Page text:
The mystery photo I want to share with you today is one I purchased from someone who thought it was a Savannah “4-H” group band. I do not believe it has anything to do with that organization, but there is definitely a “4” on those uniforms, and there is at least one musical instrument evident, a horn.
This does appear to be a parade group, and could that be a “fire hand engine wagon” someone leans on, or a fire hose reel? My guess is this image dates c1895 – 1905, and the last hand engine was out of service in Savannah by 1871, according to the history of the Savannah Fire Department. Perhaps one was used for special occasions like the old annual fireman’s parade, or in the St. Patrick’s Day Parade?
Here’s a detail of the group (click to enlarge):
Perhaps the uniform on these gents, which has a clover leaf – a shamrock – and a number 4, and what could be the initials SHA, as in Savannah Hibernian Association, could really be the initials SFD as in Savannah Fire Department? But I think it looks more like the former, and those don’t look like firemen’s uniforms. The Savannah Hibernians organization was founded in 1812, and it still exists.
Here’s a smaller detail, showing their shirts, but maybe not quite clear enough to read (click to enlarge):
In David T. Gleason’s The Irish in the South, 1815-1877 (Chapel Hill: UNC Press, 2001) http://uncpress.unc.edu/browse/page/365 the Irish population of Georgia in 1850, is given as 3,202, and in 1860, as 6,586, which is an increase of 105.7%.
The 1850 population of Savannah Irish was at 1,555, and in 1860 Gleason gives it as 3,145, which is an increase of 102.3%. As you can see, much of Georgia’s Irish were living in Savannah before the Civil War, and many remained there and more arrived afterward.
The Hibernian Society of Savannah began the tradition of Savannah’s St. Patrick’s Day parades, and the one held in 2013 was its 189th. Here is a link to the Savannah St. Patrick’s Day Parade Chrononlogy: http://tinyurl.com/lcbgfxl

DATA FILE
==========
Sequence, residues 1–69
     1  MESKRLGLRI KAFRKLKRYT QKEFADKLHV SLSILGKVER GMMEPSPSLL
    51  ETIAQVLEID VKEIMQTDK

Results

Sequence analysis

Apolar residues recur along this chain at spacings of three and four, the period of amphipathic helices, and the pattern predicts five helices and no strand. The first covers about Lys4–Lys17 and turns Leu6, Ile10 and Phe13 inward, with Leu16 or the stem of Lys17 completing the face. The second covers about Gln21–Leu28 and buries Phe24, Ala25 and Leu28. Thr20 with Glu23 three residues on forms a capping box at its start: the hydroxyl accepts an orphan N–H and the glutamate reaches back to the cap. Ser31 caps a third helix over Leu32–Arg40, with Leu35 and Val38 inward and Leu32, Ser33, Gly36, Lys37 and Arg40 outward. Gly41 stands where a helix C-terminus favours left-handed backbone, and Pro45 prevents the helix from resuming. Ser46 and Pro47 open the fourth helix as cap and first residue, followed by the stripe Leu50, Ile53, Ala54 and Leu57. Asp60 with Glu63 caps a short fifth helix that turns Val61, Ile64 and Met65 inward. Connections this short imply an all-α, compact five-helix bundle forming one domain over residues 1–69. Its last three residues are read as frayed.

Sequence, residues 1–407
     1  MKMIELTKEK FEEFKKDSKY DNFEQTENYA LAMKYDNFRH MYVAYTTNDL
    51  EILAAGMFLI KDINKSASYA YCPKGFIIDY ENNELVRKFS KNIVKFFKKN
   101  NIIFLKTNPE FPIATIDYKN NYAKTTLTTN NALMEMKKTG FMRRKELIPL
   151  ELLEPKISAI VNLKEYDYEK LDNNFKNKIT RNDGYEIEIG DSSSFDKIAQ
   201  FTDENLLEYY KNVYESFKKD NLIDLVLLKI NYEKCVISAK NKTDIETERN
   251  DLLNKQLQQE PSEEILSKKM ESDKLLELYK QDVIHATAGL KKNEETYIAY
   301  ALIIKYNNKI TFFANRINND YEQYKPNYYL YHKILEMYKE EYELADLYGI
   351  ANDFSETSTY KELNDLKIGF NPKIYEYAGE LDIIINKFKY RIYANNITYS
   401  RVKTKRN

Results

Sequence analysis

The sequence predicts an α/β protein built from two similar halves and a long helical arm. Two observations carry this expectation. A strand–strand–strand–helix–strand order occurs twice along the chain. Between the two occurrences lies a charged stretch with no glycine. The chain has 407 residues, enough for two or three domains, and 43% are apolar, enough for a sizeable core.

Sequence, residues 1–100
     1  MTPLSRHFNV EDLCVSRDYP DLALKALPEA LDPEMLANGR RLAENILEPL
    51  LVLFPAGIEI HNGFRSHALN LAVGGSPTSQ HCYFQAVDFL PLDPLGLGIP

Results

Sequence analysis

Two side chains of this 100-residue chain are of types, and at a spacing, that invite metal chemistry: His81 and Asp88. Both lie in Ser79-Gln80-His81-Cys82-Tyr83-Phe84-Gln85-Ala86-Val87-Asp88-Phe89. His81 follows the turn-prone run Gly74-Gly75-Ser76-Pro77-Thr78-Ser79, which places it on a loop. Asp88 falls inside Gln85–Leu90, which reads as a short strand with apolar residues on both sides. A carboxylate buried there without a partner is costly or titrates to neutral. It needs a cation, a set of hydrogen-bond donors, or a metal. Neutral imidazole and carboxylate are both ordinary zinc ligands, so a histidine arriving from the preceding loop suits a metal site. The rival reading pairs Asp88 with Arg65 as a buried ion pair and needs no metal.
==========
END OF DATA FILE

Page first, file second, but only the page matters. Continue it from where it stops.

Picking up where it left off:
I am always interested in Georgia’s photographers of various ethnicity and origin. The following are those photographers and their associates I have documented (thus far) as born in Ireland, and the majority worked in Savannah.
Of course, many more in this profession were second generation Irish-Americans. Contact me for additional information on any individuals listed here, the below is only a brief entry on each person.
An excellent source for research on immigrants in Savannah as of 1867 is Paul K. Graham’s “Foreign Born Voters in Savannah and Chatham County, 1867” in three issues of the Georgia Genealogical Society Quarterly (v. 44 #4, v. 45 #1 &2; winter 2008, spring and summer 2009).
Working in Savannah (dates active there are in parentheses):
Isaac Beckett, b. c1839 in County Mayo; d. Feb. 27, 1911 in Savannah (Dec. 1864 – 1865). I believe he is the same person who was connected with the postwar Savannah Custom House. http://tinyurl.com/mhp2aso And I also believe this carte-de-visite portrait by Samuel A. Cooley, with whom Beckett was first associated in SC and Savannah as Cooley & Beckett, is likely he. Beckett was naturalized through his three years service in the U.S. Army (NY Infantry Regt., 56th)
Isaac Beckett by S.A. Cooley, from Civil War Carte de Visite Collection, NY State Military Museum
Joseph Collins, b. c1817 in County Cork (sold stereo views, stereoscopes at least Sept – Nov. 1858)
R. J. [Richard Joseph] Nunn, b. Dec. 13, 1831 in County Wexford; d. June 29, 1910 in Savannah (1857-58; he worked in Athens July-Aug. 1858; as of 1859 was listed as a physician only)
J. A. Palmer, Savannah, c1869 portrait of pregnant woman; Author’s Collection
J. [James] A. Palmer, b. 1823 unidentified county Ireland; d. May 29, 1896 in Aiken South Carolina (c1866 – c1871; while located in Aiken South Carolina, he made stereo views of Augusta, Atlanta and north Georgia, c1873 -85)
D. [Daniel] J. Ryan, b. June 1836 in Dublin; d. March 26, 1908 in Denver, Colorado (1867-1885)
D. J. Ryan, c1880 Savannah, cabinet card backmark; Author’s Collection
Working in Athens: H. Bambrick, b. c1832 unidentified county Ireland (1860), and F. O’Farrell, b. unidentified county Ireland (1851 & 1860)
And lastly, artist Theresa Grant (m. name Hoffman), b. Dec. 1868 unidentified county Ireland; d. Sept. 1959 in Pinellas County, FL, worked in Columbus (1888-1889) as a crayon artist for her father, photographer A. G. Grant, who was born in Ohio!
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